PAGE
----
Banged-up Huskies, Bonnies meet in key tilt
There are many saints of Newark, as well as its surrounding area. Dan Hurley has ties to most of them.
Hurley played at St. Anthony’s High in nearby Jersey City under his father, Bob, who won 26 state titles at the school and earned induction into the Basketball Hall of Fame. He honed his own coaching chops for nine years at Saint Benedict’s Prep, just a few blocks down from the Prudential Center in downtown Newark.
And that’s where the only “saints” that Hurley is concerned with right now will meet UConn on Saturday. The 15th-ranked Huskies take on St. Bonaventure at The Rock (4 p.m., ESPN2) in a Never Forget Tribute Classic game with huge implications for both teams.
UConn (8-2) is coming off a tough road loss at West Virginia on Wednesday night. The Huskies have largely dominated lesser competition this season but are 1-2 in Quad 1
games. Saturday’s game would currently be a Quad 2 win for the Huskies, but could be a Quad 1 by the end of the season if the Bonnies (69 NET) move into the NET Top 50.
A loss on Saturday could also bump UConn from the AP Top 25.
Meanwhile, St. Bonaventure (8-1) has already been bumped from the national rankings. After beginning the season ranked No. 24 and climbing as high as No. 16 on Nov 22, the Bonnies are no longer in the Top 25 after a Nov. 27 home loss to Northern Iowa, followed by three straight ho-hum wins over low-to-mid-majors and an injury to their best player.
“Our guys know it’s a big game — national stage, playing a great opponent,” St. Bonaventure coach Mark Schmidt said. “I think the guys know if they don’t play their ‘A’ game, it’s not gonna be a game. You play in fear a little bit. If you don’t play 100 percent against UConn, you’re not gonna win. I think our guys understand that.”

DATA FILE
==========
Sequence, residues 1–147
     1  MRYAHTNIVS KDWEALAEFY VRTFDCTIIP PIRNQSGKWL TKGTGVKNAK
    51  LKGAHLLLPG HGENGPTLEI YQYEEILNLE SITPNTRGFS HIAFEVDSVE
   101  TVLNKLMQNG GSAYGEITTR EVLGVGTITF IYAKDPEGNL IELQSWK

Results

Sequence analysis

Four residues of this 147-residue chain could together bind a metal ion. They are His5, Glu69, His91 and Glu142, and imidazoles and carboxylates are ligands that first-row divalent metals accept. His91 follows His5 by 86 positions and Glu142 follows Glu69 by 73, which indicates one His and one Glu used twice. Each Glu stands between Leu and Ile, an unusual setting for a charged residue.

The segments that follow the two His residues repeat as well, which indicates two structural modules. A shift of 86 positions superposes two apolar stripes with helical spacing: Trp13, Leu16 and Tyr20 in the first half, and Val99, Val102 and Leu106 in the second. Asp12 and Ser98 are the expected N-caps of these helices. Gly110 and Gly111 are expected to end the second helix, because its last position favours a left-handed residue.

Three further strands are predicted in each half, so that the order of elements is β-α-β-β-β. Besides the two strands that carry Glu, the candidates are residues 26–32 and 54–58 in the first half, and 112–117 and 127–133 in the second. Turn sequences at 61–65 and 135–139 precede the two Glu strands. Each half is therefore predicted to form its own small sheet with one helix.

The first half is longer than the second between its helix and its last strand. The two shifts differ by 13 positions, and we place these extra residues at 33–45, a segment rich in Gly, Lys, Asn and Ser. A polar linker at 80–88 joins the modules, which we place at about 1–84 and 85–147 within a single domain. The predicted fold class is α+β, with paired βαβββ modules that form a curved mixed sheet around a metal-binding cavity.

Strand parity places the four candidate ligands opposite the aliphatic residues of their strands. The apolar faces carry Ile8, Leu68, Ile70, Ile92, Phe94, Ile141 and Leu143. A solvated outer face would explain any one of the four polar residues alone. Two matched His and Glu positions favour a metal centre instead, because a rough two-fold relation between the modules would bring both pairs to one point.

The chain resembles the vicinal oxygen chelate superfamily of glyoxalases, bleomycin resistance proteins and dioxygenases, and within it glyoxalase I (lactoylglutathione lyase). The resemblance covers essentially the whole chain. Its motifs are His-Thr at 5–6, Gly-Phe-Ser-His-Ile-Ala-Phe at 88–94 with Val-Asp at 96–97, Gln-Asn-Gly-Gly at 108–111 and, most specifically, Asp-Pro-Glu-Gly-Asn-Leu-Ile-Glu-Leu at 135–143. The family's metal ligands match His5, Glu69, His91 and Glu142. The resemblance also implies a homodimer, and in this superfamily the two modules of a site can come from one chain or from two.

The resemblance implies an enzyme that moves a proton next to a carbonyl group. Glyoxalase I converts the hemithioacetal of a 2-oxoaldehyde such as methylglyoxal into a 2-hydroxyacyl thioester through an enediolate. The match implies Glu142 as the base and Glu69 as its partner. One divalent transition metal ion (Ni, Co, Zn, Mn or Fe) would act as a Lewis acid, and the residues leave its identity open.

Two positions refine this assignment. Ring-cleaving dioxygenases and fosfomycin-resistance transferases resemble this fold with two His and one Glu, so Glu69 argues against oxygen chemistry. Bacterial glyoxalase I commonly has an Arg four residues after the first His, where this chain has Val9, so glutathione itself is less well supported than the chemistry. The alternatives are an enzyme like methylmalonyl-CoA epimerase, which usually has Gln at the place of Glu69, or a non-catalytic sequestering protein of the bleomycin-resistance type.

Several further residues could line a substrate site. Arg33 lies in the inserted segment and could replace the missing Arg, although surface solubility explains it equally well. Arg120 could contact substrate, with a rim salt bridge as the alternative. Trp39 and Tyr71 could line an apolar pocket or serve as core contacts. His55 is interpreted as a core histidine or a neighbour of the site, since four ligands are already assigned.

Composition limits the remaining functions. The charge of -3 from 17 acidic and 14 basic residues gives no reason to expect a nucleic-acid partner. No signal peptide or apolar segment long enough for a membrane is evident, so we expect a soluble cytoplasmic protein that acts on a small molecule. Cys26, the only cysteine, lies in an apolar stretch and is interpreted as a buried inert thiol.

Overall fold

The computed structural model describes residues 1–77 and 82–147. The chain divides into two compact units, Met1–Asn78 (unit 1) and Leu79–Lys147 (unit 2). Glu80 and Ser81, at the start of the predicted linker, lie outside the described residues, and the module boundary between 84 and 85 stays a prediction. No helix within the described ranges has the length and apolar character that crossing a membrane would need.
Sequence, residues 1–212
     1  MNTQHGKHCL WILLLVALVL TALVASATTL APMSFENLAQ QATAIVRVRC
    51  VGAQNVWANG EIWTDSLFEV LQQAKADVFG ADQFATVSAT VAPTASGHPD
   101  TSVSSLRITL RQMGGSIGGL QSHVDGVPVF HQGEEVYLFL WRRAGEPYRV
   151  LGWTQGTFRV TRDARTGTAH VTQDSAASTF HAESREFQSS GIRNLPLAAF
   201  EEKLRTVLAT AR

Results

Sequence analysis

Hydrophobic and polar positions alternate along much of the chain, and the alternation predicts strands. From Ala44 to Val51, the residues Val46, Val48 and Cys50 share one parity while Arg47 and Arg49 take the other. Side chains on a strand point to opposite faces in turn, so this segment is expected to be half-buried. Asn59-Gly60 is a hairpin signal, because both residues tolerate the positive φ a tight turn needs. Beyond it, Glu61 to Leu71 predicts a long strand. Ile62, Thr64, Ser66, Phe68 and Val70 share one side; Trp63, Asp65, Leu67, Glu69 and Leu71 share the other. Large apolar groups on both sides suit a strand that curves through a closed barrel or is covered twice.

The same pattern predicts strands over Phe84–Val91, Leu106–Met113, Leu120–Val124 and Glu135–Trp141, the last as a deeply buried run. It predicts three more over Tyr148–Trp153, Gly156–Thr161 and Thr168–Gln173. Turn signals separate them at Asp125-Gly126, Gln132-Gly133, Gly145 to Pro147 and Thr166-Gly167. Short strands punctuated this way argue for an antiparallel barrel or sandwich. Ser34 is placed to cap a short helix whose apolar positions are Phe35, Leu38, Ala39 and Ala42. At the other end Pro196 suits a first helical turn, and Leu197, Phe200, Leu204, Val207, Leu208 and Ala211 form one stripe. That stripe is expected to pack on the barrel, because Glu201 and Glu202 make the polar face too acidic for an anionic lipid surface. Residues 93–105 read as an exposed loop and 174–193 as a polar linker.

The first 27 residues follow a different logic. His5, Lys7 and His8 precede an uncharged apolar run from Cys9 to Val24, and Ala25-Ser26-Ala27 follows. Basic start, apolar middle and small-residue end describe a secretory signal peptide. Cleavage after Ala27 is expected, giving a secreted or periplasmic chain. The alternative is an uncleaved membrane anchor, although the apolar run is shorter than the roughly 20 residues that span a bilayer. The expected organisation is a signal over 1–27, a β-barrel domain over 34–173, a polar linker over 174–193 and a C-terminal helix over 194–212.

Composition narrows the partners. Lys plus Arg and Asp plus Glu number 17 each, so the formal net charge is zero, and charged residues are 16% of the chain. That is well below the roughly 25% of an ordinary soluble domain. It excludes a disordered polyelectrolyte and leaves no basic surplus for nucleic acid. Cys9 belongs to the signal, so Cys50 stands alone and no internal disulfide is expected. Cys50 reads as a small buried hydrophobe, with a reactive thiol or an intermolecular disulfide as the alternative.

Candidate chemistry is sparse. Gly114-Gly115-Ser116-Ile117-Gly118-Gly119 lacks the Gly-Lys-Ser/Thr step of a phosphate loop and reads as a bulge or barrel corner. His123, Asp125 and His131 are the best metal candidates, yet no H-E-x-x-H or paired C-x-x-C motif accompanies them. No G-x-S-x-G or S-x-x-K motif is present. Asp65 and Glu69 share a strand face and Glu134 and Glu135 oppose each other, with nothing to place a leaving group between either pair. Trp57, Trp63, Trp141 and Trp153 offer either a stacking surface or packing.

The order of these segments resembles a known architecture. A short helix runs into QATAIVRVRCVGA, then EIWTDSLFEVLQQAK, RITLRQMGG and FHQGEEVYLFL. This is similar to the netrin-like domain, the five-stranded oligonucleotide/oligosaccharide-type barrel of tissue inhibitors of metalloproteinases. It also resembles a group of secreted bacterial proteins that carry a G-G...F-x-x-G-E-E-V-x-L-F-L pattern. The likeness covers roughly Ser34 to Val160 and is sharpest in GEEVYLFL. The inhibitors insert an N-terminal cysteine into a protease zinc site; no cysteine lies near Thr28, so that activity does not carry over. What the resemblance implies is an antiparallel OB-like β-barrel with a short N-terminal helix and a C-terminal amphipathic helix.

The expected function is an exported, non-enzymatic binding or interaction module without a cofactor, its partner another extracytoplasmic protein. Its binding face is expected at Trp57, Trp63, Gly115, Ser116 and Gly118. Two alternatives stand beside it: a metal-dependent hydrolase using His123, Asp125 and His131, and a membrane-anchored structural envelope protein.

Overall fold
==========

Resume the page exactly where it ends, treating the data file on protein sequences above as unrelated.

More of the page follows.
Kyle Lofton, a senior guard averaging 17.4 points per game, suffered a highankle sprain in the Bonnies’ Dec. 1 win over Coppin State and has missed the last two games. He is hoping to play on Saturday,
and Schmidt said he’s “dayto-day” right now.
But Lofton’s availability has to be considered unlikely at this point.
Not that Hurley is going to shed any tears. The Huskies are down two of their top three scorers in Adama Sanogo (15.6 ppg) and Tyrese Martin (12.9). Sanogo is likely out at least another week or so, though Martin (who is also UConn’s top rebounder) has been pushing to play on Saturday.
“And we’re pushing back,” Hurley said earlier in the week, adding that it’s probably more realistic that the 6-6 wing returns for the Huskies’ Dec. 18 Big East opener against Providence.
Schmidt isn’t fretting about Martin’s availability either way.
“You prepare for everybody playing,” said Schmidt, who’s in his 16th season as the Bonnies’ head coach. “They’re really talented. If he doesn’t play, there’s somebody as good as him stepping in. They’ve got a lot of depth, and that’s one of the reasons why they’re so good. Him playing or not playing doesn’t change the way we’re gonna play or go about the scout.”
UConn hasn’t played the Bonnies since 2003. However, Hurley and Schmidt are quite familiar with each other, going head-to-head eight times while Hurley was head coach at Rhode Island in the Atlantic-10
from 2012-18. Hurley went 5-3 in those matchups.
“He’s an aggressive personality, and usually your team takes on the personality of the coach,” Schmidt said of Hurley. “They did at Rhode Island, and they’re certainly doing it at UConn. We’ve had good, competitive games. We’ve got a good relationship off the court. He’s done a really good job at both Rhode Island and UConn. The games have been really competitive between the two schools, and hopefully they can be competitive (Saturday).”
This will be UConn’s final non-league game before its 20-game Big East slate begins a week later. St. Bonaventure has a Basketball Hall of Fame Shootout date with Virginia Tech (Dec. 16) and a trip to Northeastern (Dec. 22) before kicking off league play in the A-10, which offers far fewer Quad 1 opportunities than the Big East.
“The tougher team’s gonna win,” said Schmidt. “The team that gets the most points in the paint, that outrebounds — the tough areas. You’ve got to be able to defend, to rebound. Toughness is taking care of the basketball, making good decisions. They pride themselves on that, and so do we.”